And that, despite Willie's catch, is what they continued to be. They had tied a 61-year-old World Series record for consecutive scoreless innings in their previous time at bat. After Willie's catch they broke it, and then added four more to finish with 33 straight innings without a run. They had been shut out in three straight games, the first time that had happened in a Series since 1905. They lost successive 1-0 shutouts, and that had never happened before. As a team they made the fewest hits and scored the fewest runs in Series history.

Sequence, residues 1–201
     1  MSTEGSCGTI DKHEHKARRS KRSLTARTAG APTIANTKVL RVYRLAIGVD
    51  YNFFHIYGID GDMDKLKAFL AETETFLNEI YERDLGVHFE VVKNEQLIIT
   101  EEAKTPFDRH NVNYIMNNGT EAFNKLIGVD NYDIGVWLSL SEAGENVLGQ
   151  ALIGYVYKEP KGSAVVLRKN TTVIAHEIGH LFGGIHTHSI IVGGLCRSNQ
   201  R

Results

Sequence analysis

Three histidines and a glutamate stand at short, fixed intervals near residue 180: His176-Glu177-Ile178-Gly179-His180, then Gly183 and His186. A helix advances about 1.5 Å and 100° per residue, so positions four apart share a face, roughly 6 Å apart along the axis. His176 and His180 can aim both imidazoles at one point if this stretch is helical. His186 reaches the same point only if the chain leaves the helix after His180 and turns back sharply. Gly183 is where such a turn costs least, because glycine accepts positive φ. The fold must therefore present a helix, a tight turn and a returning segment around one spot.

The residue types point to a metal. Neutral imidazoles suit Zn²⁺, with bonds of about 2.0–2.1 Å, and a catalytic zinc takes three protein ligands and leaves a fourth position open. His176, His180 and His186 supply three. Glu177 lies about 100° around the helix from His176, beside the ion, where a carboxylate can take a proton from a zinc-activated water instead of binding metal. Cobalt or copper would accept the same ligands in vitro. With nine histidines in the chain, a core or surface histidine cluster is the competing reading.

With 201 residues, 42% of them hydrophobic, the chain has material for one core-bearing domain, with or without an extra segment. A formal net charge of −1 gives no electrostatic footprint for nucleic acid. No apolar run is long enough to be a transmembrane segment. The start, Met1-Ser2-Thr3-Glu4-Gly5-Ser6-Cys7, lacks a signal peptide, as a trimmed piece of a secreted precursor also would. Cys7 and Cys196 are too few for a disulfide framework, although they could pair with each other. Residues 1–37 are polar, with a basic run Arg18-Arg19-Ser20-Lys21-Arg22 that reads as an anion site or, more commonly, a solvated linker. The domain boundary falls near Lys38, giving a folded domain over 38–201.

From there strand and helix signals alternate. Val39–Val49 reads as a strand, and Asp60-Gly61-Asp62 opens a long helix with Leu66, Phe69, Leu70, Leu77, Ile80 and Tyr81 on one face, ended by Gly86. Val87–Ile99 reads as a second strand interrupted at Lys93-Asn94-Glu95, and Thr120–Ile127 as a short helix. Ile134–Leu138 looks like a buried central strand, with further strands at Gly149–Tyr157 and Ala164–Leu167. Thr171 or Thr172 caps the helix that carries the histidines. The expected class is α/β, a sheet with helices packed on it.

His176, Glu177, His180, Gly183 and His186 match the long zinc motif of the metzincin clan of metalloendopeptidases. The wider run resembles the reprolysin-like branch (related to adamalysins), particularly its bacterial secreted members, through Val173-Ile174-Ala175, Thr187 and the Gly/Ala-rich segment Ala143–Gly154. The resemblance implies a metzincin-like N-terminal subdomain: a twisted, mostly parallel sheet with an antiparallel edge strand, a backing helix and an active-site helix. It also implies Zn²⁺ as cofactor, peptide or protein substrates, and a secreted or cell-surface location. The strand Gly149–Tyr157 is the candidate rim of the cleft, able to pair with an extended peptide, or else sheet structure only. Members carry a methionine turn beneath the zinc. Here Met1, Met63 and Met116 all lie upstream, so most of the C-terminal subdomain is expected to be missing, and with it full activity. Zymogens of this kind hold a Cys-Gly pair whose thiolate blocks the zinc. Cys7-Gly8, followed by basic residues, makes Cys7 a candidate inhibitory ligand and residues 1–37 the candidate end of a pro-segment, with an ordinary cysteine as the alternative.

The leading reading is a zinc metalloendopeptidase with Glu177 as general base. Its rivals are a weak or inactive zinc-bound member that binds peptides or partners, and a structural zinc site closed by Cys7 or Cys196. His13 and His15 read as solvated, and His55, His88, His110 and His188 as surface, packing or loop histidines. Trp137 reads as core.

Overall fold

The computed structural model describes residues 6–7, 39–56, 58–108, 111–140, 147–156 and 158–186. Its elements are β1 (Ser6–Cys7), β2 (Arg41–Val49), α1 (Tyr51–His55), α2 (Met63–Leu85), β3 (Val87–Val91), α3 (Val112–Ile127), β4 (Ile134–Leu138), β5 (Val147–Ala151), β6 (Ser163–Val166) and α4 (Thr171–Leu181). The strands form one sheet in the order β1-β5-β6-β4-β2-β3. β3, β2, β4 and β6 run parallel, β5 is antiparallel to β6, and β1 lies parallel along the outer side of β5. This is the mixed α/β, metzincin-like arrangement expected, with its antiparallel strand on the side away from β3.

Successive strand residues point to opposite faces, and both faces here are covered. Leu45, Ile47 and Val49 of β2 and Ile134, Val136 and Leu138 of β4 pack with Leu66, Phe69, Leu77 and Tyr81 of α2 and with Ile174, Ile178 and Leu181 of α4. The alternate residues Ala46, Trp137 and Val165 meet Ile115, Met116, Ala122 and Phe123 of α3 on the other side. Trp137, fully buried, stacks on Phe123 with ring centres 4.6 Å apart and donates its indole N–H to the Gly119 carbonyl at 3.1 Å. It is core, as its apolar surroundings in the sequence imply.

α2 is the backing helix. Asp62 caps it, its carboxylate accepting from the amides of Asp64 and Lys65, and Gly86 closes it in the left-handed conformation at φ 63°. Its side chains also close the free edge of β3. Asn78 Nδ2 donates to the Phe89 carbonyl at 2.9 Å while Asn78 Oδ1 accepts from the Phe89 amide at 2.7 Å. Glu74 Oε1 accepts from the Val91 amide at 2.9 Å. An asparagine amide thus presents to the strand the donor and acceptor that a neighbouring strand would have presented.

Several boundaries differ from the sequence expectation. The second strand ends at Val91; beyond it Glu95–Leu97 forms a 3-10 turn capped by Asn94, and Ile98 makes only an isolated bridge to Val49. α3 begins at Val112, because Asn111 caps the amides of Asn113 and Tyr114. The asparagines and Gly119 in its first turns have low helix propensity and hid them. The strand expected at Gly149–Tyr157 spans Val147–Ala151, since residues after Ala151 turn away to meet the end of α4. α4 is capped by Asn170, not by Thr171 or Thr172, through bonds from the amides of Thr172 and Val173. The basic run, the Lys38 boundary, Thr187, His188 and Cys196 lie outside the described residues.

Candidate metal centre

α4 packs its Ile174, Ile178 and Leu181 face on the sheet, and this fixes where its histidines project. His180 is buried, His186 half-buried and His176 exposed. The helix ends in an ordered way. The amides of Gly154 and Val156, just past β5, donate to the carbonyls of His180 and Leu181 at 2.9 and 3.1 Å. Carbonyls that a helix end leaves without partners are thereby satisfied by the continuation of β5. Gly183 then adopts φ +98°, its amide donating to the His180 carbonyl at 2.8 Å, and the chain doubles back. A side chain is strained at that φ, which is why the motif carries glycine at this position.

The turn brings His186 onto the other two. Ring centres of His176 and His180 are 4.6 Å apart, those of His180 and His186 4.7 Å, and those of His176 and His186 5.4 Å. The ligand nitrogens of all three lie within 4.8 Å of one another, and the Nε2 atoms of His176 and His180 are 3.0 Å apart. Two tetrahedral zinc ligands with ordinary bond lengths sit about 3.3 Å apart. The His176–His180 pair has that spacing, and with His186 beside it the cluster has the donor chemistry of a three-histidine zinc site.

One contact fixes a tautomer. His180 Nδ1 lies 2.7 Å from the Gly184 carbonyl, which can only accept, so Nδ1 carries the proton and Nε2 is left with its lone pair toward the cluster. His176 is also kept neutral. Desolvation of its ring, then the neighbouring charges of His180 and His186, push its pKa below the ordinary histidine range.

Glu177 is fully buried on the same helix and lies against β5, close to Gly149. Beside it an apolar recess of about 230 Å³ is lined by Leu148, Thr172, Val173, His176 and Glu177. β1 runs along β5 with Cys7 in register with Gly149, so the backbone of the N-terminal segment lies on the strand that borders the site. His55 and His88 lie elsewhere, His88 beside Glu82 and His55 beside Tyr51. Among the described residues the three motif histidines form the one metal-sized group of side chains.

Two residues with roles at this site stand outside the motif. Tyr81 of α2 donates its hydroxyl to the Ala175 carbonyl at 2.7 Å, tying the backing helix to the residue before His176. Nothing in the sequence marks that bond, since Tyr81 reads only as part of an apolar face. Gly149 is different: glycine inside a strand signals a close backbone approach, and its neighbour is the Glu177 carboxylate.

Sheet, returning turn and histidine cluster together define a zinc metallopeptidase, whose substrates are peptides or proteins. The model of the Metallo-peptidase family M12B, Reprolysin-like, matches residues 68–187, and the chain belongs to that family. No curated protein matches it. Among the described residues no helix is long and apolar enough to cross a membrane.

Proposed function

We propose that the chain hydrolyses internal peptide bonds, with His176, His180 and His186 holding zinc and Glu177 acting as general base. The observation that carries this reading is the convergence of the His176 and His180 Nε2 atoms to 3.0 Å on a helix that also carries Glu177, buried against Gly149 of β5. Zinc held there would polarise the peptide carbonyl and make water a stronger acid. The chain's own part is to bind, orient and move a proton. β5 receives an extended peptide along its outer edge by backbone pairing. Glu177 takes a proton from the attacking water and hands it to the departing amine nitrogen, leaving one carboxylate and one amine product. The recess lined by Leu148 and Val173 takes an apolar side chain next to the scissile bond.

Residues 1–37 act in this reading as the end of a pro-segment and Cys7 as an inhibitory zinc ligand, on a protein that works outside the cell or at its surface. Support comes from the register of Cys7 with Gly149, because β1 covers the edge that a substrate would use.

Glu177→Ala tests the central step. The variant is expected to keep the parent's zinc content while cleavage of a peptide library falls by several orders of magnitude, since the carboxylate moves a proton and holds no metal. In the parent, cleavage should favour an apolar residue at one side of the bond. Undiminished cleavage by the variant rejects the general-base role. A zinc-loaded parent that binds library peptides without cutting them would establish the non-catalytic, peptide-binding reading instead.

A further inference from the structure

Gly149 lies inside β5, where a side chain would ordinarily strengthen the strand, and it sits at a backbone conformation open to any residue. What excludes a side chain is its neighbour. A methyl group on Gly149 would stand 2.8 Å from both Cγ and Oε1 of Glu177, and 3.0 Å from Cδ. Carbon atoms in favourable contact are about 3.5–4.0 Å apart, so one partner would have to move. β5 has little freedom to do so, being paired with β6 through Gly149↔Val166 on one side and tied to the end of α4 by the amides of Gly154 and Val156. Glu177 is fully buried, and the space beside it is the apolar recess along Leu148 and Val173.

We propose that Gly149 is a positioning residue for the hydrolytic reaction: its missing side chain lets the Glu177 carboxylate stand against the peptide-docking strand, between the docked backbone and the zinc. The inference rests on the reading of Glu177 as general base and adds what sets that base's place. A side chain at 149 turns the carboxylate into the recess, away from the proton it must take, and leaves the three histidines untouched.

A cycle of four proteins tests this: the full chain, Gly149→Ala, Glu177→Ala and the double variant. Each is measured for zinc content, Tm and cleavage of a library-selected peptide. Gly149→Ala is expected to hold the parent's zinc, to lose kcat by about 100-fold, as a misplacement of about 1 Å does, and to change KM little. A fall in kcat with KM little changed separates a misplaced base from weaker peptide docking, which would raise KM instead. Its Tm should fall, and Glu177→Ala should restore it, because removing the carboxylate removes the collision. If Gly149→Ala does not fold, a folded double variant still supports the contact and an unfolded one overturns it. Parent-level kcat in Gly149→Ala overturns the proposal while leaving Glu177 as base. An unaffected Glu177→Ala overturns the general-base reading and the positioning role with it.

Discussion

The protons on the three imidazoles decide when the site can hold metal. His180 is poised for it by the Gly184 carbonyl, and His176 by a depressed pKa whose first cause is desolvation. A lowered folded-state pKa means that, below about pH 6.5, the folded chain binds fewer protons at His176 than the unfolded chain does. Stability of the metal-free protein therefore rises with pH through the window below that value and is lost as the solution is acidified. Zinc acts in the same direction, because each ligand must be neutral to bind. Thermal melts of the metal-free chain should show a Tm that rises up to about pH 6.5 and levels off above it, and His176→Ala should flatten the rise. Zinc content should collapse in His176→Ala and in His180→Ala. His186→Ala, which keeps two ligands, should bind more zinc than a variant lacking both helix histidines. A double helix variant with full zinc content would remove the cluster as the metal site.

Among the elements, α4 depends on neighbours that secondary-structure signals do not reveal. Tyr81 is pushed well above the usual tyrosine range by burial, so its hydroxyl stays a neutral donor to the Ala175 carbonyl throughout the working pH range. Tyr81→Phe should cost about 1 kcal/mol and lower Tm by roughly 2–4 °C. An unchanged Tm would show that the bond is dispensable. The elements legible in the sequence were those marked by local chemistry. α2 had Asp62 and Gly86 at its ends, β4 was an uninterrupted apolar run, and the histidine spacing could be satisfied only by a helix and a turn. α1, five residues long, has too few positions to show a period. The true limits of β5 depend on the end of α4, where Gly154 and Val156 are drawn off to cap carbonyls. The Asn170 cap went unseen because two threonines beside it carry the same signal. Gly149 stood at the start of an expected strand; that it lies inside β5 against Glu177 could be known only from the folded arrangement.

Baltimore, on the other hand, functioned like a team, like a winner. Its pitching had weak hitting to cope with, but it coped, almost perfectly. The fielding was seldom spectacular (except that Brooks Robinson is always spectacular), but it was impeccable: the Orioles did not make an error, another Series record. Not that Baltimore's batters ripped things apart—the Orioles' .200 batting average was the lowest ever for a Series winner. But Baltimore's hits were dramatic—the back-to-back homers by Frank and Brooks Robinson in the first game, Paul Blair's in the third, Frank Robinson's in this last insult to the Dodger dynasty. And in the final evaluation, Frank Robinson was the difference. He won the pennant for Baltimore. He won the Series.